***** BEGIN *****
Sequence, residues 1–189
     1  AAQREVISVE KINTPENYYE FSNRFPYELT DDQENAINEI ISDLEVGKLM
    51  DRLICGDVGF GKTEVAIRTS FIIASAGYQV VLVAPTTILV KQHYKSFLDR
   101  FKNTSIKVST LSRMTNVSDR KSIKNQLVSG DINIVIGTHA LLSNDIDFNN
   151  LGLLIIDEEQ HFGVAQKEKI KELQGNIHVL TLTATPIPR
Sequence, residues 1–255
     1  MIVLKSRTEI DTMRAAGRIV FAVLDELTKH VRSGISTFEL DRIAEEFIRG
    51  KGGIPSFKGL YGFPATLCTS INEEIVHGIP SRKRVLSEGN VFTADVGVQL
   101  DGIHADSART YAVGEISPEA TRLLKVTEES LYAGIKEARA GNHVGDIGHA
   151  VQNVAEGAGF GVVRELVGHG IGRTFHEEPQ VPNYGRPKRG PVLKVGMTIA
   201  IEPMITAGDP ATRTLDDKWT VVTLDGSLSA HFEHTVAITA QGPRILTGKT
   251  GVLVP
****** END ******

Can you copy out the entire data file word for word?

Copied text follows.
Sequence, residues 1–189
     1  AAQREVISVE KINTPENYYE FSNRFPYELT DDQENAINEI ISDLEVGKLM
    51  DRLICGDVGF GKTEVAIRTS FIIASAGYQV VLVAPTTILV KQHYKSFLDR
   101  FKNTSIKVST LSRMTNVSDR KSIKNQLVSG DINIVIGTHA LLSNDIDFNN
   151  LGLLIIDEEQ HFGVAQKEKI KELQGNIHVL TLTATPIPR
Sequence, residues 1–255
     1  MIVLKSRTEI DTMRAAGRIV FAVLDELTKH VRSGISTFEL DRIAEEFIRG
    51  KGGIPSFKGL YGFPATLCTS INEEIVHGIP SRKRVLSEGN VFTADVGVQL
   101  DGIHADSART YAVGEISPEA TRLLKVTEES LYAGIKEARA GNHVGDIGHA
   151  VQNVAEGAGF GVVRELVGHG IGRTFHEEPQ VPNYGRPKRG PVLKVGMTIA
   201  IEPMITAGDP ATRTLDDKWT VVTLDGSLSA HFEHTVAITA QGPRILTGKT
   251  GVLVP